When price are fixed or based on diagnosis-related groups, can we call this real competition? Can quality be improved when it is disconnected from price?

A flourishing industry? 

The authors claim that “the [Swiss] health care sector is seen as a flourishing, important, innovative industry and a strong motor for economic growth and prosperity.”  This is a typical argument of the defenders of socialized health care, such as health economists and politicians. Health care spending of all sorts is seen as a general benefit to society.

But our ever growing health care sector is funded by mandatory premiums and tax payer money. With each premium increase less money is left for private spending, like preventive measures. So the health care sector grows at the expense of private sectors. The end result of this development would be  some kind of health care socialism with growing staffs of bureaucrats and regulators trying to replace market allocation with centralized health services research and planning. Is this really the growth we want?

Innovation? If all services are price-fixed, isn’t the incentive for innovation and diversity diminished?

A satisfied population? At what cost? 

The authors claim that the population is satisfied.  Yes, polls show that people are indeed satisfied with healthcare, and that life expectancy is high. But there are thirteen other OECD countries like Denmark, Austria and Canada that spend 25-50% less for a good or very good health care system.  At the rate insurance premiums and taxes are rising, while services are stagnating, it is hard to know how much longer the population will be satisfied.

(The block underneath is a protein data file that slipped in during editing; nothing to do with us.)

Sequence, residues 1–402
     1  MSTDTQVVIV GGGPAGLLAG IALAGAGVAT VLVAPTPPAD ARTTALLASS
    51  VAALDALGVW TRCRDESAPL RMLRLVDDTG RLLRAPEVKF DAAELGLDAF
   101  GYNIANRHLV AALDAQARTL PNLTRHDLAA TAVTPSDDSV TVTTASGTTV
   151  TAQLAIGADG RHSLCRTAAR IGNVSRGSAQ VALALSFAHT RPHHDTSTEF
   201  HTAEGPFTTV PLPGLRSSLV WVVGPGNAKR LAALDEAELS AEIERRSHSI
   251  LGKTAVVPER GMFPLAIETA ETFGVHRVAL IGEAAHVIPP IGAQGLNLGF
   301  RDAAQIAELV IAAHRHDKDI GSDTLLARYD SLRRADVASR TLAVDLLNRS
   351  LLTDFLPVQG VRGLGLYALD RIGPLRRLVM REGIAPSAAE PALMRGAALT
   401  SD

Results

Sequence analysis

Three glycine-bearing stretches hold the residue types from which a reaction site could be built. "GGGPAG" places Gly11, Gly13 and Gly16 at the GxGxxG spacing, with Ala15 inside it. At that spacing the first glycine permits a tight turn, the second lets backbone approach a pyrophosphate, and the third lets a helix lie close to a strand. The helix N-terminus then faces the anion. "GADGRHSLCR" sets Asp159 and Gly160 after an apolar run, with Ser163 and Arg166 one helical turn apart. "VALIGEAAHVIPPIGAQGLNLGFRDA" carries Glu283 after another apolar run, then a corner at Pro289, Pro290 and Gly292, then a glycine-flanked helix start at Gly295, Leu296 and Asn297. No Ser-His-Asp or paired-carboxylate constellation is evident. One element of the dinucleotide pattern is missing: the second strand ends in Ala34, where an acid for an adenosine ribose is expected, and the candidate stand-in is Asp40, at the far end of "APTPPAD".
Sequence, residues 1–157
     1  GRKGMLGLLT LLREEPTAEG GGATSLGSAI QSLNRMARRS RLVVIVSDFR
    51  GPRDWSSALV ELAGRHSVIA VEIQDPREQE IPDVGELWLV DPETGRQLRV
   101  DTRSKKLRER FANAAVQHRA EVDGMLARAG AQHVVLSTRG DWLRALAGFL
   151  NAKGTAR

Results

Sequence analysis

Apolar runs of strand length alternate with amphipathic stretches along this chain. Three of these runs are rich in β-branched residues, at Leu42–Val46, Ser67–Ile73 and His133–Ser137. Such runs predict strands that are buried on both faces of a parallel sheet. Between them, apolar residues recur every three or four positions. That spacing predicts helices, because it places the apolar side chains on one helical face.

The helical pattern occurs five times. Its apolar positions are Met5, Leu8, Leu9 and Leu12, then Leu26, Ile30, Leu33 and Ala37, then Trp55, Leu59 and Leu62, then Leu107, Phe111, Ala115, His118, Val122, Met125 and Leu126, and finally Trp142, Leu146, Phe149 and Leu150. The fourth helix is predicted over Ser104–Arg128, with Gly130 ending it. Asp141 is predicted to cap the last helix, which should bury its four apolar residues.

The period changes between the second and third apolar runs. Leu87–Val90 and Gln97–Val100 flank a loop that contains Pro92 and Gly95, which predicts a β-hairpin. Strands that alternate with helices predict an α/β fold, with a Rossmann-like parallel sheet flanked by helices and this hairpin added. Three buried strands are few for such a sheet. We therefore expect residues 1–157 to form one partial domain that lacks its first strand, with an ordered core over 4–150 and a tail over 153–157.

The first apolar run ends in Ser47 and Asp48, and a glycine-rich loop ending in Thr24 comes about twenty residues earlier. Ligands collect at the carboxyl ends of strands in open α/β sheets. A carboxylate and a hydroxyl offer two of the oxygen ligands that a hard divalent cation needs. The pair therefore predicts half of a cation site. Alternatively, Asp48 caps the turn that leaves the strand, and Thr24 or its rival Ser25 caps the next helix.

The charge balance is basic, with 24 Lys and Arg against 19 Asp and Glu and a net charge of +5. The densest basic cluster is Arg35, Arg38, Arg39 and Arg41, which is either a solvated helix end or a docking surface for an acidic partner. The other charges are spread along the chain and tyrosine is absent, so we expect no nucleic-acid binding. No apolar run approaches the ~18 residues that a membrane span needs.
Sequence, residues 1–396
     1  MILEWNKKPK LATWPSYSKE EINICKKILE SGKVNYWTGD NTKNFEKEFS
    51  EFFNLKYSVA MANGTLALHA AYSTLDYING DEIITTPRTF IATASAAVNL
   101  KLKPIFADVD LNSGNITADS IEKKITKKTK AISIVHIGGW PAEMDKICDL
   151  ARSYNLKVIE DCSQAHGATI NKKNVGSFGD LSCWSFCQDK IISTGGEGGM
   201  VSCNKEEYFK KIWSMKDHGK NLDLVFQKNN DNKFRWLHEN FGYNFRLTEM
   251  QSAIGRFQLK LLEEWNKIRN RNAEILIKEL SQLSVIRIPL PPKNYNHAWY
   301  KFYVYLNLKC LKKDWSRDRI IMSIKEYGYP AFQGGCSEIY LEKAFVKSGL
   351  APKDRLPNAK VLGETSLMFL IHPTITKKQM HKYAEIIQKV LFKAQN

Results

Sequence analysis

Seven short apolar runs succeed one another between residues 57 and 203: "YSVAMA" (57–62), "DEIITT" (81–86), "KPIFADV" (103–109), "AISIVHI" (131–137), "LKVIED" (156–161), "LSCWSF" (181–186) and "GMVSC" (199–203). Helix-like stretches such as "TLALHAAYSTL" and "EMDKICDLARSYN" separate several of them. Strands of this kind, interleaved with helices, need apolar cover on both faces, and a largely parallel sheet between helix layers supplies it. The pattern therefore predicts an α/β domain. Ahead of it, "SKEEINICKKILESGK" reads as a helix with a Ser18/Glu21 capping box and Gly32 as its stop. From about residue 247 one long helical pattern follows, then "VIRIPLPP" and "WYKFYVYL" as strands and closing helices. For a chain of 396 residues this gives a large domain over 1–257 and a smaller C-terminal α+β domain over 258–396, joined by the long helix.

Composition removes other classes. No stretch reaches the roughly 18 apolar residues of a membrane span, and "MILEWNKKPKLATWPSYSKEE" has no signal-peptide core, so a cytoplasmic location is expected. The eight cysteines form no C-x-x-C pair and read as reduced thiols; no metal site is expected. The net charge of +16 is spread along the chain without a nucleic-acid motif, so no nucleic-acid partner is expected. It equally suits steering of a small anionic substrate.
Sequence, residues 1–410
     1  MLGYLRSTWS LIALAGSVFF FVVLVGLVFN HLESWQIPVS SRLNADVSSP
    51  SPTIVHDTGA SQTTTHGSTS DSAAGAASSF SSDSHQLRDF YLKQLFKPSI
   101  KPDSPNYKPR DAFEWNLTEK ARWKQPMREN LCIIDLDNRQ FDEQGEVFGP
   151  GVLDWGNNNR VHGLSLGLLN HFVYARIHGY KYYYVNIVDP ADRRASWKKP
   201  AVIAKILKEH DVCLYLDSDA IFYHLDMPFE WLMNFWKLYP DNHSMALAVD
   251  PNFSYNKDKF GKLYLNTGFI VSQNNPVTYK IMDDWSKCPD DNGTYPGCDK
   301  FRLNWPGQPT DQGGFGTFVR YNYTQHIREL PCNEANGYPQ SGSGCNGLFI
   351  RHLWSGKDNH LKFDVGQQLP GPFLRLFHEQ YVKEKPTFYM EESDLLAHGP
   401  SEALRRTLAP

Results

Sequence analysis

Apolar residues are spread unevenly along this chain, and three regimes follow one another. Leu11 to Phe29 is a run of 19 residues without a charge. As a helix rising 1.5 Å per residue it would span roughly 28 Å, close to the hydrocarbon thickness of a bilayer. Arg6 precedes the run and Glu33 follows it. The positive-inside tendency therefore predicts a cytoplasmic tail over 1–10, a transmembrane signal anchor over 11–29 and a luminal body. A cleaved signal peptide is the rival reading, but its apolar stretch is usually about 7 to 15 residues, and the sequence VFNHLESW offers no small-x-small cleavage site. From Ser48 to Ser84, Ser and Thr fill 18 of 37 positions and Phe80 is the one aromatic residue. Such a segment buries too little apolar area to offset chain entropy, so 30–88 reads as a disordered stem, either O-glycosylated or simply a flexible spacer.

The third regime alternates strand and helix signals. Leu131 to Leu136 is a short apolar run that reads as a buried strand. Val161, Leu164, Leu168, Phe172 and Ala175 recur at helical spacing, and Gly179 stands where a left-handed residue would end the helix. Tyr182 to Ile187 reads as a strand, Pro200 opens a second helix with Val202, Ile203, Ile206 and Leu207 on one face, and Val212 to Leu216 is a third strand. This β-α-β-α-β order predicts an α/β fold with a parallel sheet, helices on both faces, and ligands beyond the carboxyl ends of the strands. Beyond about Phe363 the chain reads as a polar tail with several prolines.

At the end of their article the authors state that this combination of “liberalism and solidarity“ seems to work for Switzerland. That is a restricted view of the terms, since the system offers only a single insurance package, rather than choice, and solidarity is manifest in the form of automatic premium and tax increases.

In the changes of the last decades, we can see a manifold trend towards centralization of the decision-making process regarding health care, and an exclusion of individual choice in care and cost.  This is not liberalism but, in the words of Swiss physician Alphonse Crespo, more like an unsustainable Swiss mix.

Editor’s note: The Swiss healthcare system has been praised by commentators as divergent as Paul Krugman and Avik Roy. But Dr. Fouradoulas’s account of the Swiss healthcare system should give anyone a sense of déjà-vu: measures of central-planning that have already failed in the US are now being tested in Switzerland in an attempt to control out-of-control costs. When it comes to identifying the culprit in the perennial healthcare crises, one can only conclude that “It’s the third party, stupid!”

10 thoughts on “The Swiss healthcare system

  1. A very good overview of the dangers of over-collectivization and top-down political management in healthcare. Swiss health insurance is no insurance based on actuarial principles, but an ideologized system of prepaid services through obligatory, regulated and subsidized premiums undermining personal responsibility, including prevention. A typical reverse tragedy of the commons.

    • Good points, Pierre. The question still remains in my mind of whether medical care can even be subject to insurance based along actuarial principles. I think there are inherent obstacles to that, in addition to the political will for collectivism.

      • Now we’re getting to the heart of the matter. The common collectivist argument against actuarial principles in health insurance is the one of adverse selection and the consequent death spiral ( This is the argument that served for introducing mandatory health insurance!
        But the question is, how would an insurance company react if its number of costly insurants (the chronic ill, responsible for about 80% of costs) increases and the healthy subjects leave?
        In a free market all insurance companies would face this reality and could either try to turn them away or they could try to focus on them to reduce their costs. This would mean research this group and improve care and treatment so that their health condition improves and costs fall. If the market was allowed to work, this increased “demand” would lead to increased supply, innovation and lower prices down the line.